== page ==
Using the power of single-cell analysis, researchers at the Babraham Institute in the U.K. have assessed the effects of age on egg cells (oocytes) in mice, particularly looking to identify genomic and epigenetic factors that relate to reduced developmental competence. The knowledge uncovered by this research provides new insights into the mechanisms underlying egg quality and is relevant to the development of techniques to assess the quality of human egg cells, an area of growing importance as the use of fertility treatments increases. The research is published in the journal Aging Cell.
Advancing maternal age causes a gradual reduction in fertility. “Why egg cells lose their development competence is something we don’t fully understand but it’s like to be due to a combination of factors,” says Dr. Gavin Kelsey, Head of the Epigenetics research program at the Babraham Institute, who led this work.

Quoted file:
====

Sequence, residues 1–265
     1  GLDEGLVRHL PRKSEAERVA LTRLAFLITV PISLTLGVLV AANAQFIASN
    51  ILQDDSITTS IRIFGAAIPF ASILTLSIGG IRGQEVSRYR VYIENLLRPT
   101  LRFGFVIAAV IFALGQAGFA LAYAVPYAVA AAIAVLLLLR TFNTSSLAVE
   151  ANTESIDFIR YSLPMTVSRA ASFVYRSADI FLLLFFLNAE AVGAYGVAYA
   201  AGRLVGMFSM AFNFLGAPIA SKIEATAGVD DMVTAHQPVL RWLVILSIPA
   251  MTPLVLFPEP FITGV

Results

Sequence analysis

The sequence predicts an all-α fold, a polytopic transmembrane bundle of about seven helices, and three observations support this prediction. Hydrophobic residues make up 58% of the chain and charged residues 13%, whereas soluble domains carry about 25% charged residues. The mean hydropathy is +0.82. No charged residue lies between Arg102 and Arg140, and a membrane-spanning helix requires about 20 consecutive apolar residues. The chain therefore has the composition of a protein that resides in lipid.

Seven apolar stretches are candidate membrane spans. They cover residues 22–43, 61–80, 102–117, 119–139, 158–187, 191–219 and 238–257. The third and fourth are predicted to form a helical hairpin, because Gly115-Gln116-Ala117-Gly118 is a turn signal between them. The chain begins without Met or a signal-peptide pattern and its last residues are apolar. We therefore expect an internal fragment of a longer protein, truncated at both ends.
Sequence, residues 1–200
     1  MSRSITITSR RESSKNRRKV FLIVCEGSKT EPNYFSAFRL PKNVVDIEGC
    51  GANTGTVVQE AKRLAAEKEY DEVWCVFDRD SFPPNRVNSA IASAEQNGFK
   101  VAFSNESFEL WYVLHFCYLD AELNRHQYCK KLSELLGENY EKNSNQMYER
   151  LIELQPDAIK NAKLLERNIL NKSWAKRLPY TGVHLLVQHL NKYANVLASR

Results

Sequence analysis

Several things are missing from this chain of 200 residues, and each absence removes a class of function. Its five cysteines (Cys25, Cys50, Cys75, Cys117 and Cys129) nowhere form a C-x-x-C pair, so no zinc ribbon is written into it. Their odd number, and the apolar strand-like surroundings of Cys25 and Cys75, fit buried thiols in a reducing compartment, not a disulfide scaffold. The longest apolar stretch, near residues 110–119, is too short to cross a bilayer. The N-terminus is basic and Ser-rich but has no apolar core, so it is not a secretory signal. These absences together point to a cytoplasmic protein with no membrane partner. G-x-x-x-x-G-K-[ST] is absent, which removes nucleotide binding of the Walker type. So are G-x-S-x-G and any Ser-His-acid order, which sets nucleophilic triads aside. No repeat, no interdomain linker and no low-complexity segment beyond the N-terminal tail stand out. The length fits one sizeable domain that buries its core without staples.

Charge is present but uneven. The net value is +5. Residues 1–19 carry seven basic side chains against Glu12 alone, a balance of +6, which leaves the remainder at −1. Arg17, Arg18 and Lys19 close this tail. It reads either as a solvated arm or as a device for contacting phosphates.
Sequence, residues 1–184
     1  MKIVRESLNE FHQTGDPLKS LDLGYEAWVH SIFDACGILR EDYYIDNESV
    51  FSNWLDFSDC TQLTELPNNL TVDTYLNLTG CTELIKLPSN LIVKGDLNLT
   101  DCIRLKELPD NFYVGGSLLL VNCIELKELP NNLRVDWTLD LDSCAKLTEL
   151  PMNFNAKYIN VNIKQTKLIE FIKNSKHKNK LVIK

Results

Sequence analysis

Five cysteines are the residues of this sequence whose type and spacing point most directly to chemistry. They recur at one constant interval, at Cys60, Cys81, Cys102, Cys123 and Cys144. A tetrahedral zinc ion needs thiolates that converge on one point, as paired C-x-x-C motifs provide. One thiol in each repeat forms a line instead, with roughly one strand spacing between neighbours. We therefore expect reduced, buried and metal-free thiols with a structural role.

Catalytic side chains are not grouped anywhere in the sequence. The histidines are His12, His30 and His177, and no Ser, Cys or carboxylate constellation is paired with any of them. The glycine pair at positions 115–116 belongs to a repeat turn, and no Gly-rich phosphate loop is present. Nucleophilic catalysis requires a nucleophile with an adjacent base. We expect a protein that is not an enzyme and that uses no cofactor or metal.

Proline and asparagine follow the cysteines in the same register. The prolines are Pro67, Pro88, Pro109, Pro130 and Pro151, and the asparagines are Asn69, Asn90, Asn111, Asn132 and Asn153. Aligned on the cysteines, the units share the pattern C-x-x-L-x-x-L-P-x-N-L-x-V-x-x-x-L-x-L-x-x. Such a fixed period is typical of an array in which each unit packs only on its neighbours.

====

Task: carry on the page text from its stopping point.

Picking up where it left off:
The research used a cutting-edge single-cell technique developed at the Institute to identify the characteristics of eggs with reduced developmental competence and distinguish eggs from older females that retained a young-like profile. In particular, eggs from older females had fewer active gene expression and showed greater variability.
“As demonstrated by this research, single-cell techniques and epigenetic analysis could be used to indicate the quality of an egg in terms of forming a healthy embryo after fertilization.” concludes Dr. Kelsey.